I probably shouldn’t even try to review this, to be honest.
There’s such a thing, after all, as being too attached to something — and Love And Rockets, arguably the seminal independent comics series of all time, has been part of my life since I first discovered it at age 12 and allowed brothers Gilbert and Jaime Hernandez (heck, third brother Mario was even part of the mix back then) to expand my definition of what comics could both achieve and be well beyond my then-current preconceptions of the medium. And while there have been times when my interest in it has ebbed and flowed, it’s always been there. From its first magazine incarnation to the “solo” series that followed in its wake to its second iteration in standard comic-book format to its most recent version as a series of annual (or thereabouts) graphic novels (all published, as they have been since the beginning, by Fantagraphics Books), I’ve grown up — and now find myself growing old(er) — with Maggie, Hopey, Luba, Fritz, and the rest of this series’ heartbreakingly human cast of characters. But in recent years, something hasn’t felt quite right.
It’s not the stories or art, don’t get me wrong — while I can’t imagine that readership for the graphic novels is anywhere near as large as the series used to enjoy as a periodical, those who haven’t been following it of late have missed out on some of the best stories Gilbert and Jaime have ever produced. It wasn’t until the announcement was made a few months ago that the upcoming fourth volume of Love And Rockets would see it return to its original magazine format, though, that I realized what had been missing, and while it’s tempting to say that this switch is more an appeal to nostalgia than anything else, in truth I think there’s something more — something greater — going on here. It feels like the time is right for all of these characters to come home.
Not that they really can, of course. Or, perhaps paradoxically, that they ever even left. One of the great things about what Los Bros. have done over the nearly 35-year span of this series is that they’ve allowed each and every member of their now-sprawling casts to change, evolve, and essentially lead real lives. They may age more slowly than you and I, sure, but they’re not frozen in time by any means, and it’s been fascinating to see how they all fall into patterns of behavior most of us can recognize and relate to, then occasionally break or find themselves thrust out of them by choice or circumstance, only to (usually) drift back into them with ever-increasing knowledge of exactly what they’re doing each time it happens. And seriously — would you have it any other way? I mean, the whole Maggie/Hopey “thing” will probably never be resolved — but who the hell wants to see them part company for more than a short while, anyway?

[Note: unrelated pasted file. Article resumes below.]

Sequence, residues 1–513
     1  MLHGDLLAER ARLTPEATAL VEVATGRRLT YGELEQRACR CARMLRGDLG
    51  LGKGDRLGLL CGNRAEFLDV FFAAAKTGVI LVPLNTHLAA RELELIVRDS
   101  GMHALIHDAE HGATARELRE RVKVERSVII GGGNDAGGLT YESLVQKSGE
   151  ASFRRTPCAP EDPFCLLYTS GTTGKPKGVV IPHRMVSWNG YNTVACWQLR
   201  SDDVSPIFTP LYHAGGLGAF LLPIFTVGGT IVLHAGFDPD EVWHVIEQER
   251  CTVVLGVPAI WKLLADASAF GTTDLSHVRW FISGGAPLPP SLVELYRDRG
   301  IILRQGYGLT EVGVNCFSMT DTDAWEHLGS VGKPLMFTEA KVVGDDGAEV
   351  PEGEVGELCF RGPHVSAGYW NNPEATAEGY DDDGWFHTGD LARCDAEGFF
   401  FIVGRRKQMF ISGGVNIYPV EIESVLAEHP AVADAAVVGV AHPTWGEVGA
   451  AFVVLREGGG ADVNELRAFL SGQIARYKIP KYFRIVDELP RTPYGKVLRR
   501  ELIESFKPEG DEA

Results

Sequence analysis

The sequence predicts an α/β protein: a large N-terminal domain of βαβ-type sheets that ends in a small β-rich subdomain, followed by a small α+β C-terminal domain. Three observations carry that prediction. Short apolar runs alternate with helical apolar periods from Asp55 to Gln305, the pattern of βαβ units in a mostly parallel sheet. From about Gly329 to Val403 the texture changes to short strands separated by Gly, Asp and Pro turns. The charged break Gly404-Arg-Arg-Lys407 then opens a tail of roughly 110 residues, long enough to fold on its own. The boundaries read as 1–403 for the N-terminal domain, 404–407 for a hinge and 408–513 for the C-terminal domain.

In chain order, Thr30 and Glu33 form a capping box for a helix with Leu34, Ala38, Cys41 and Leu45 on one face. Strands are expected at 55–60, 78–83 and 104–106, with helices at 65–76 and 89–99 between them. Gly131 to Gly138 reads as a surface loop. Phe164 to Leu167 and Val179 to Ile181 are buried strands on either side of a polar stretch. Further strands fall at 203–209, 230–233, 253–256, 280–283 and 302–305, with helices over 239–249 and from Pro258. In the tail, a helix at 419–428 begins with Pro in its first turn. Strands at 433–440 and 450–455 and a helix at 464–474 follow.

At some point in life we start to value the comforts of the familiar, it’s true, but that needn’t necessarily mean that creative stagnation has to set in for Gilbert and Jaime. It just means that this next phase in both of their respective narratives seems to be arcing toward a sort of return to roots, a new look at what’s made their work so singular and special from the outset from a new, more mature, more settled perspective. And if that prediction holds true, than the return to a magazine format will make sense not only from a commercial perspective, but from a creative one, as well.
Some of that may be wishful thinking on my part, I suppose, but these guys haven’t let me down yet. And while it’s more than fair to say that the first issue of the “new” Love And Rockets isn’t without its flaws — Jaime’s opening strip is strangely flat, emotionally speaking, and in truth neither brother does much in order to acclimate potential new readers to their surroundings — it’s just as true to say that this all somehow feels inherently “right” in ways that a simple format switch alone can’t explain. Aging, one way or another, is the unifying thematic thread throughout the stories presented here (except for Jaime’s surreal sci-fi tale at the end — don’t ask me what that one’s about, but I still loved it), and while it may sound wretchedly pretentious to say it like this, one gets the distinct impression that, after wandering off and exploring other options, Love And Rockets is ready to be a magazine again.
I hope a lot of readers that have drifted away from it are ready to come back, too. This issue is one of those things that has the very real potential to bring folks back into comic book stores who haven’t been there in a long time. Certainly sales at my LCS were brisk — there were only four copies left by the time I got there around 2:00 in the afternoon last Wednesday, so that’s a good sign. And who knows? If going back to the oversized periodical works for Gilbert and Jaime Hernandez, maybe folks like Dan Clowes and Peter Bagge might find themselves tempted to do the same?
Okay, no “that may be be —” disclaimer required this time : I know that’s wishful thinking on my part. But what the hell? I already feel a good 20 years younger thanks to this comic. What harm can come from allowing myself to dream again? And if there’s one thing that Love And Rockets #1 proves above all else it’s that dreams, at least occasionally, do come true.